Category Archives: Urban Planning

Suburban Sprawl Is Expensive, When You Actually Have To Pay For It

A while ago, we noted that the wicked problem isn’t affordable urban housing, but the fiscal sustainability of the suburbs: Something that’s lurking in the background of the U.S. economy, and which will erupt with a fury in ten years … Continue reading

Posted in Economics, Urban Planning | 2 Comments

Too Much Parking

As cities are being recapitalized, albeit by private sources which brings its own problems, land is at a premium. A recent study estimates how many parking spaces five cities, New York, Seattle, Des Moines, Jackson (WY), and Philadelphia, have. It’s … Continue reading

Posted in Transportation, Urban Planning

Mistaking Bidding Up With Gentrification

There’s an interesting article asking if D.C.’s Adams-Morgan is losing diversity, which is a polite way of saying ‘forcing out brown and black people’, due to gentrification. It unusually for the genre, doesn’t confuse gentrification with bidding up. Here’s what … Continue reading

Posted in DC, Housing, Urban Planning

How City Streets Used To Work

It really wasn’t until the 1930s when city streets became the sole domain of cars: before then, people walked across city streets however they liked (though there was the risk of horse shit). I’ve wondered what it would be like … Continue reading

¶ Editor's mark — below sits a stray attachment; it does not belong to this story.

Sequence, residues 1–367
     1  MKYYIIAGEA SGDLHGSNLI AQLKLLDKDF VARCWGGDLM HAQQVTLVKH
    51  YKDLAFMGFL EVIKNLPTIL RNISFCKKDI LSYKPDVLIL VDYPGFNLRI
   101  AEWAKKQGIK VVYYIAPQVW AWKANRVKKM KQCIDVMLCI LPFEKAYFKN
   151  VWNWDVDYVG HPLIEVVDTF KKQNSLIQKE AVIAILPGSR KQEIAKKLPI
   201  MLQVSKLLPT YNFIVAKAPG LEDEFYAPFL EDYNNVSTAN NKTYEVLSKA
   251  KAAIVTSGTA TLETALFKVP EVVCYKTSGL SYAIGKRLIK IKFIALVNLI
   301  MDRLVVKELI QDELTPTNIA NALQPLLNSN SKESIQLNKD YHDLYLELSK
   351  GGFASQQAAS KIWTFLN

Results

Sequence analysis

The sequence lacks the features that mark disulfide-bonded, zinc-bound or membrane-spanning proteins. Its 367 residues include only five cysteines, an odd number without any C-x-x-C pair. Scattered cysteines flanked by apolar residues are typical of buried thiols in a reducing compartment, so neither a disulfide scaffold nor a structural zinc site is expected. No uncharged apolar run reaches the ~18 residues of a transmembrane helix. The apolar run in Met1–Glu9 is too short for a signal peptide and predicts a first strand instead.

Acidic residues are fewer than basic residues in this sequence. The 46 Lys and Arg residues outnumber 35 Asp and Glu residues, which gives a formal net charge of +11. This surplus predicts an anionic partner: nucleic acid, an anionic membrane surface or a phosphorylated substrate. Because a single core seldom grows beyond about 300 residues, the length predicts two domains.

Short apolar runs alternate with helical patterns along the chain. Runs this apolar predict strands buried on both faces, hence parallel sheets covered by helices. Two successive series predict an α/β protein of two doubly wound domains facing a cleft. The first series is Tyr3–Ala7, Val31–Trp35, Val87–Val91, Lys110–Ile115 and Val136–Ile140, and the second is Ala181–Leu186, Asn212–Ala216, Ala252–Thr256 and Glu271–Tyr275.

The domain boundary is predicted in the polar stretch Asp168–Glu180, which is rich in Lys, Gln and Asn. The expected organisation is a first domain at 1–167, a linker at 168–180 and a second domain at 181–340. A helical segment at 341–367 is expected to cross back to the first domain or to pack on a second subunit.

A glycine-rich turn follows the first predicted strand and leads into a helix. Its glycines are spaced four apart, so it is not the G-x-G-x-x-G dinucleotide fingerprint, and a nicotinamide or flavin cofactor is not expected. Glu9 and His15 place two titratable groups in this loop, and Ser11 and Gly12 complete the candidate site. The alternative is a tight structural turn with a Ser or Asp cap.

Posted in Transportation, Urban Planning | 4 Comments

We Need A Better Definition of Urban

While I might, at some point, have more to say about this post by Kevin Drum about cities and high rents, what bothers me is this figure: Not the underlying data, but the assumption that many of these entities are … Continue reading

Posted in Urban Planning | 2 Comments

Suburban People In City Spaces

While I’m trying to find the time to look at the 2016 census data for D.C. (and what that means for housing, density, and so on), there’s a vague thought rattling around in my noggin about a critical element of … Continue reading

Posted in Housing, Urban Planning | 1 Comment

When It Comes To Density, We’re Asking Too Little Area To Do Too Much

There’s a very interesting interview with Chris Leinberger, a real estate developer and chair of the Center for Real Estate and Urban Analysis at the George Washington University School of Business, about the insufficient amount of ‘urban neighborhoods’ (boldface mine): … Continue reading

Posted in DC, Housing, Urban Planning | 1 Comment